Story and Design Series | 1: Presenting design – Villa "Le Lac" Le Corbusier, Switzerland

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The first in our series of online conversations, focussing on design and story telling.

Join Patrick Moser, writer, publisher and curator of Villa "Le Lac" Le Corbusier and Highland architect Karen Anderson as they discuss Villa Le Lac and the experience of curating and presenting design and architecture to the public. Patrick looks in detail at the various exhibitions and books he has produced and how he tells a story about heritage and the value of design.

Charles-Édouard Jeanneret, Le Corbusier, was a Swiss architect, designer, painter, urban planner, writer, and one of the pioneers of what is now regarded as modern architecture. Over a 5 decade career, he was influential in urban planning and dedicated to providing better living conditions for the residents of crowded cities. His home on the shores of Lake Geneva, the Villa “Le Lac” is a little gem of ingenuity and functionalism – an architectural manifesto where one can find the key ideas of the program developed by Le Corbusier during the 1920s for his famous “white houses”. This laboratory of modern ideas is one of the architect's most personal and inventive works.

https://www.villalelac.ch/en

http://www.call-me-edouard.com...


Patrick Moser

Patrick Moser is a Swiss writer, translator, publisher, art historian, and museologist. He is the founder and curator of the Museum Villa "Le Lac" Le Corbusier in Corseaux / Switzerland.

Moser began studying literature at the University of Lausanne. After completing his formal education, he began teaching and studying translation and interpretation. In 2001, he obtained a post-graduate degree in museology from the University of Geneva for his thesis From the dwelling house to the exhibition space – example of the Villa "Le Lac" Le Corbusier. In the meantime, Moser became a translator. His work is noted by Kenneth Branagh, for whom Moser translated an adaptation of Shakespeare's Love's Labour's Lost into French. Moser translated for Martin Scorsese’s film Gangs of New York and Tim Burton’s Big Fish.

In 2010, Moser created, according to Le Corbusier's wish in one of his last letters (1965), a museum at the Villa "Le Lac”. Photographers Erling Mandelmann and René Burri contributed to the creation of the museum by lending their works for the first two exhibitions in 2010 and 2011. In 2015, on the occasion of the 50th anniversary of the architect's death, Moser invited Daniel Libeskind, Mario Botta, Zaha Hadid, Toyo Ito, SANAA, Rudy Ricciotti, Bernard Tschumi, Gigon/Guyer, Alvaro Siza and Rafael Moneo to an extension project of the Villa "Le Lac" – a competition of ideas and imagination in honour of one of the 20th century's greatest architects.

In 2013, he founded his publishing house Call me Edouard Éditeurs | Publishers and was invited to the Chalmers Technical University in Gothenburg, Sweden, to present his research on the relations between architecture and literature. Several lectures followed, notably at Doctor Curutchet's Villa in La Plata, Argentina (2015), and at the Mies van der Rohe house of the Weissenhof Siedlung in Stuttgart (2016).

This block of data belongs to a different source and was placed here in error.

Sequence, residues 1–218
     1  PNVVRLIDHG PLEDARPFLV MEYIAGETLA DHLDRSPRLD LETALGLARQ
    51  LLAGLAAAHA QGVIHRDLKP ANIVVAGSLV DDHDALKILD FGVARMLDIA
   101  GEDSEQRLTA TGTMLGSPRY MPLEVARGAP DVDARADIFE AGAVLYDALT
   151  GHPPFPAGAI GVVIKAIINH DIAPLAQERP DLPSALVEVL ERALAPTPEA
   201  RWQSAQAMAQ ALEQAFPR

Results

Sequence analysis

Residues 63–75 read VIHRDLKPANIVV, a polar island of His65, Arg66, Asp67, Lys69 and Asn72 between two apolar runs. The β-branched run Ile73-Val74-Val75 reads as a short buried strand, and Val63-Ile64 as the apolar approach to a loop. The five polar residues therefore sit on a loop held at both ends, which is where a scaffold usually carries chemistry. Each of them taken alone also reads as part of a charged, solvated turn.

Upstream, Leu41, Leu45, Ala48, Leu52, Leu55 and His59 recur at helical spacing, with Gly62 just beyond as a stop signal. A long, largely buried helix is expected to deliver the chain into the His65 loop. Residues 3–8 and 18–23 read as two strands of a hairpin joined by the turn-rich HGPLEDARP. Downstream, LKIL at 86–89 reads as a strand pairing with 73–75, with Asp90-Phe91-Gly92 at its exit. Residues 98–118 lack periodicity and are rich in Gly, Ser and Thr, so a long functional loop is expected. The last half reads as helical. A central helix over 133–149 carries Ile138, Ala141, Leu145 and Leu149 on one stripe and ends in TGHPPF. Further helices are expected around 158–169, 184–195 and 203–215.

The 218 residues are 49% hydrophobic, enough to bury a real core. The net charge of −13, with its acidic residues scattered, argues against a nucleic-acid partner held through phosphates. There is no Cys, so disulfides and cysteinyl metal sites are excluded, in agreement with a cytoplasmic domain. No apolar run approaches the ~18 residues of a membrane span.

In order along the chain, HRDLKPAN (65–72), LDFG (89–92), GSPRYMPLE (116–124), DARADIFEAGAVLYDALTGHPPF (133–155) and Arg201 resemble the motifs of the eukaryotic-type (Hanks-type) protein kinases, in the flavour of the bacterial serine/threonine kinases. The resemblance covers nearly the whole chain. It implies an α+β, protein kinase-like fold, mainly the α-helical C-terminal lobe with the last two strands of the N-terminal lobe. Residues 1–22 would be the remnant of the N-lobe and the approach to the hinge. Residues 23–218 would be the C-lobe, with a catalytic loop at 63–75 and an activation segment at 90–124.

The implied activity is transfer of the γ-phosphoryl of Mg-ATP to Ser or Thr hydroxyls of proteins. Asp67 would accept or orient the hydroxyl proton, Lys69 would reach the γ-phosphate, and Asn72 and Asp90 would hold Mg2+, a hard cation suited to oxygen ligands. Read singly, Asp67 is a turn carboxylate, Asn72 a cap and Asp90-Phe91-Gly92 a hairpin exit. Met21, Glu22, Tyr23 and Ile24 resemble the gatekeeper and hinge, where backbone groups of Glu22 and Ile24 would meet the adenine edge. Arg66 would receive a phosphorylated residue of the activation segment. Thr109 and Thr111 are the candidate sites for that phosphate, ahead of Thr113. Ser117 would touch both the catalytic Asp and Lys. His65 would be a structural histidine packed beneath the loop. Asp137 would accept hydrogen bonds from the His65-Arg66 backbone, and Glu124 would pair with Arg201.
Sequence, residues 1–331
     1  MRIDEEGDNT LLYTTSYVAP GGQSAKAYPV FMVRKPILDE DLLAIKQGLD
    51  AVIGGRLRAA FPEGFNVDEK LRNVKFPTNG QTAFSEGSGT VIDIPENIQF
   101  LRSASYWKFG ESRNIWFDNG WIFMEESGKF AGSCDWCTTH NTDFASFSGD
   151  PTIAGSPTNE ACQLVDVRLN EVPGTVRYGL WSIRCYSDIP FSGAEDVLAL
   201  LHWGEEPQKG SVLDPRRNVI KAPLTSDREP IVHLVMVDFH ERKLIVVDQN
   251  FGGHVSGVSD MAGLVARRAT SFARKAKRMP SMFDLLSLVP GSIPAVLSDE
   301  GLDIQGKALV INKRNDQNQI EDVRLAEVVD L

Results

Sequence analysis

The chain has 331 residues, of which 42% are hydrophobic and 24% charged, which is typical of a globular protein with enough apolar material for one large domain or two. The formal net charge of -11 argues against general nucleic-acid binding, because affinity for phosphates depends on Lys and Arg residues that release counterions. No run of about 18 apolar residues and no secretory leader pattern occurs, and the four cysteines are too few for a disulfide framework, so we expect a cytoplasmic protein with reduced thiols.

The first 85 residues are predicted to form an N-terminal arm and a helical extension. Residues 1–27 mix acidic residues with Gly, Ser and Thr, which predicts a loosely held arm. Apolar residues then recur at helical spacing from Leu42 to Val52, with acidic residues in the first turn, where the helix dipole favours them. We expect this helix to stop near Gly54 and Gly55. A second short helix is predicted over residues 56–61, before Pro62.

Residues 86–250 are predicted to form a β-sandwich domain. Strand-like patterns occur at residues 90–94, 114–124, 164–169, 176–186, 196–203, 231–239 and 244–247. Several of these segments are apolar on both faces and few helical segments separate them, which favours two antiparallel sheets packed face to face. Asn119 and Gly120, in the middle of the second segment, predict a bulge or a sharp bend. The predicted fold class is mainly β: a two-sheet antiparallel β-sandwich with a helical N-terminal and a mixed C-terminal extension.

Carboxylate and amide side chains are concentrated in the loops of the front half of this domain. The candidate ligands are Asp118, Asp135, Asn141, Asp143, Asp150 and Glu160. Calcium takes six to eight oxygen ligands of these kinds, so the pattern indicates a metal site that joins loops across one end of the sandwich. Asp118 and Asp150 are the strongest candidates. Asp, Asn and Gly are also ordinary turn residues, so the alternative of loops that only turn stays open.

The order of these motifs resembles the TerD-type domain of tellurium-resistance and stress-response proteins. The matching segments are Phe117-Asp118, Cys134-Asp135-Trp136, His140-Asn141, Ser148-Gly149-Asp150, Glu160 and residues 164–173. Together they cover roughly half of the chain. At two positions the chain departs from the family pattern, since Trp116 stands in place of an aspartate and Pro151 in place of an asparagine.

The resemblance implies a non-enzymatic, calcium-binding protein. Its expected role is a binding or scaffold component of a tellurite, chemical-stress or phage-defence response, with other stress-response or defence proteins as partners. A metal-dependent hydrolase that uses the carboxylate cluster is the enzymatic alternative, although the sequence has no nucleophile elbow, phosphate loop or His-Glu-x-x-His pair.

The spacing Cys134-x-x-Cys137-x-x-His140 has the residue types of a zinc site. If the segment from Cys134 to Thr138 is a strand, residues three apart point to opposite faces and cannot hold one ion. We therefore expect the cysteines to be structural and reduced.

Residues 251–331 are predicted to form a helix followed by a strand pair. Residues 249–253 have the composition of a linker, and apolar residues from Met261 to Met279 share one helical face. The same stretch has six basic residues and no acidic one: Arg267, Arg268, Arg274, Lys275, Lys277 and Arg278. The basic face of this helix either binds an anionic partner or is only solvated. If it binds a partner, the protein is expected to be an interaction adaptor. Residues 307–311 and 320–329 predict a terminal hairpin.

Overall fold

In 2017, the University of Lausanne entrusted him with curating the in situ exhibition"From BFSH 2 to Anthropole - 1987-2017 on the occasion of the 30th anniversary of the Building of the Faculties of Human Sciences. In 2019, a plea in favour of towers and skyscrapers in Switzerland came with the exhibition De Bel-Air à Babel at the Villa "Le Lac" Le Corbusier for which Moser analysed five towers built or planned between 1930 and 1970 in Lausanne, Vevey, Montreux and Aminona, works by five major 20th century architects: Jean Tschumi, René Deléchat, Alphonse Laverrière, Hugo Buscaglia and Philippe Gaillard. In 2019, Moser participates in the AHA! Festival in Gothenburg with a lecture on The Essence of Villa "Le Lac". In 2020, he exhibits for the first time John-Francis Lecoultre, a past master of the art of pastel. This turned out to be a major discovery for the history of Swiss painting – as Lecoultre is now considered as the Ferdinand Hodler of French-speaking Switzerland.

Karen Anderson B’Arch. (Hons), Dip. Arch. FRIAS, RIBA; FRSE

Karen is an architect and founding partner of architectural practice Anderson Bell Christie. She has won awards for architecture and urban design. Former chair of Architecture and Design Scotland and previously a Royal Fine Art Commissioner, she was an early advocate in the 80’s for community and user participation in design, and her practice was focused on that from inception. She has taught and examined at a number of Scottish schools of architecture and sat on architecture and design awards panels.

Karen is currently Visiting Professor at Scott Sutherland School of Architecture and the Built Environment and chairing ‘a Design PROJECT for Scotland’, an initiative focussed on the potential for design within Scottish public life. In all her work Karen has stressed the importance of people influencing the design of their buildings and places, through involvement in design briefs and design proposals, viewing that integral to sustainable future investment and a part of creating better future places. She is a fellow of the RSE.

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